Media Law Awards Presented
The 2018 North Carolina Bar Association Media and the Law Awards were presented on Thursday, March 21, at the annual meeting of the North Carolina Press Association.
Jacqueline Grant, president of the NCBA and the North Carolina Bar Foundation, presented the awards.
“The North Carolina Bar Association is proud to again help sponsor the North Carolina Press Association Winter Institute and present the North Carolina Bar Association’s annual Media and the Law awards,” Grant said. “We embrace the relationship between our two organizations that dates back to our establishment in 1899.”
The Media and the Law awards program was established by the NCBA in 1989. Judging is conducted by the NCBA Communications Committee based on accurate, informative coverage of law-related issues which fosters greater public understanding of the legal system and the role of lawyers in society.
Media and the Law Awards were presented in three categories: Best Daily Newspaper Article, Best Community Newspaper Article, and Best Series.
President Grant’s introduction of each recipient read as follows:
Scott Sexton of the Winston-Salem Journal is this year’s recipient in the category of Best Daily Newspaper Article. Sexton tells a poignant story about the Forsyth County Veterans Treatment Court, the program’s impact on the lives of its graduates, and funding challenges faced by the program in spite of its success. The strength of Sexton’s article is exemplified by his selection of the following quote for the lead sequence, in which a 63-year-old Navy veteran and program graduate states, “It was worth it. I have a lot better relationship with my oldest sister and younger people in my family. When I go to family reunions now, I’m Uncle Nick instead of that old guy who came just to get drunk.”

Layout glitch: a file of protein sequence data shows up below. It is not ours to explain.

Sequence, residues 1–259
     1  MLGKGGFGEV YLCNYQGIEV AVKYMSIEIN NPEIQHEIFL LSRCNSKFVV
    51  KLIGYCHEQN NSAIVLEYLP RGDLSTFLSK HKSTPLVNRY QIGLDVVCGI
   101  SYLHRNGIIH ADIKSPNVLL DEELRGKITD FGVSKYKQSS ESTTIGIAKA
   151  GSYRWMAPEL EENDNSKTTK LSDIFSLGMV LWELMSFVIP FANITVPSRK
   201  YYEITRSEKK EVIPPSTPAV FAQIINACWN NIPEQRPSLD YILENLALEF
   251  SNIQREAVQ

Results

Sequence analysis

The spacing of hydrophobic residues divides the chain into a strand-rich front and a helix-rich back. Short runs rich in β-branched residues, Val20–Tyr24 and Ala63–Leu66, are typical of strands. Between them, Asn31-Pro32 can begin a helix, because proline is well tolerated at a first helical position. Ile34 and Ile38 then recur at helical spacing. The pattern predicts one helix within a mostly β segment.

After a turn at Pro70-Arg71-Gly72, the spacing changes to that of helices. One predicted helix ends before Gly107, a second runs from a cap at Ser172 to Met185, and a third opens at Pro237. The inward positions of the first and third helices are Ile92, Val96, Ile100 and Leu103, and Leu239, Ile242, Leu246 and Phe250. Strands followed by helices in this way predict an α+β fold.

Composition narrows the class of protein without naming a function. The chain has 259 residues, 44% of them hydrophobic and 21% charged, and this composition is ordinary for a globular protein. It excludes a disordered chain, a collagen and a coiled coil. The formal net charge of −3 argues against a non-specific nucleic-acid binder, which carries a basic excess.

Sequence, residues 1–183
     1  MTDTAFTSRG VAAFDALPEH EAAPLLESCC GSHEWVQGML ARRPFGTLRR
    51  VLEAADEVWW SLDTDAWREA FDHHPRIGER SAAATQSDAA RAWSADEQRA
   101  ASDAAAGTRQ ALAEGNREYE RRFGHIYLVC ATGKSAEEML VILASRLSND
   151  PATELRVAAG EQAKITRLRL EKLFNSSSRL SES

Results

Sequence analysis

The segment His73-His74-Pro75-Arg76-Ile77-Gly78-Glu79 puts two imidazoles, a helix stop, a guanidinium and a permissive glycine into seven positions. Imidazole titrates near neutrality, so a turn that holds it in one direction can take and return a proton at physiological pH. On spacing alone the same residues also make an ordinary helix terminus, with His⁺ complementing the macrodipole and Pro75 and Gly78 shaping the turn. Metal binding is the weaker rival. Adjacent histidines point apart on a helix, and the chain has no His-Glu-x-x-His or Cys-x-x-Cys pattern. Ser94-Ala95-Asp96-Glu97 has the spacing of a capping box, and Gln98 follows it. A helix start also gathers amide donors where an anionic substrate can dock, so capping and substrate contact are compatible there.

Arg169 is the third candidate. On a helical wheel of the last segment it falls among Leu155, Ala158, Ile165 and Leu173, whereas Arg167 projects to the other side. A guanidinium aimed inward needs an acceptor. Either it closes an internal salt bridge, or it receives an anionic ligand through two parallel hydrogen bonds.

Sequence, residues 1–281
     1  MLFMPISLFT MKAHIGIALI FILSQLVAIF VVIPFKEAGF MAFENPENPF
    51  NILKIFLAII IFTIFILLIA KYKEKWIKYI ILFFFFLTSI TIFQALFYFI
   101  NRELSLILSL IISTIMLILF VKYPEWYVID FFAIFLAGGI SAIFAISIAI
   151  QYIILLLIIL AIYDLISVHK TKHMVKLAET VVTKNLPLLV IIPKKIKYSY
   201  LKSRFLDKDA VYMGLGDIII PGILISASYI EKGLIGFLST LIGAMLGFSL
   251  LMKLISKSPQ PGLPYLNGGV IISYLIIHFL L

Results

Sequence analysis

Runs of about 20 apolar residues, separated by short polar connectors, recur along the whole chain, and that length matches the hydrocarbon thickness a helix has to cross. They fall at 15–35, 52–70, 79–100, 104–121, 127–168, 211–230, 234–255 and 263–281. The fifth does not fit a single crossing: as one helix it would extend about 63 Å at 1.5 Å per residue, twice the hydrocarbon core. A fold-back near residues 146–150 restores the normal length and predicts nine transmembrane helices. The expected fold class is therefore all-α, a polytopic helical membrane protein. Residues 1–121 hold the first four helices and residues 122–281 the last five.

Renee Spencer of The State Port Pilot is this year’s recipient in the category of Best Community Newspaper Article.
This is the second time she has received this award. This year’s honor is presented for “Local ICE arrest raises questions.” States one of the NCBA members who judged the award, “This article put a face on the immigration matter, and the tactics that we are using to address it. I wish it had wider distribution. What would you do if you were suddenly picked up and taken to a country that you did not know, without identification, money, or contacts, and left in a dangerous area in the middle of the night?”
Virginia Bridges of The Herald Sun in Durham is being honored tonight in the category of Best Series for her in depth coverage of five murder suspects who were released from jail after a judge unsecured their bonds. Stated one of the attorneys judging this category, “The author made a good effort to explain how the efforts of the criminal justice system don’t always comply with our ideals, and one judge’s efforts to make sure that even the accused murderers among us get the benefits of ‘innocent until proven guilty.’ “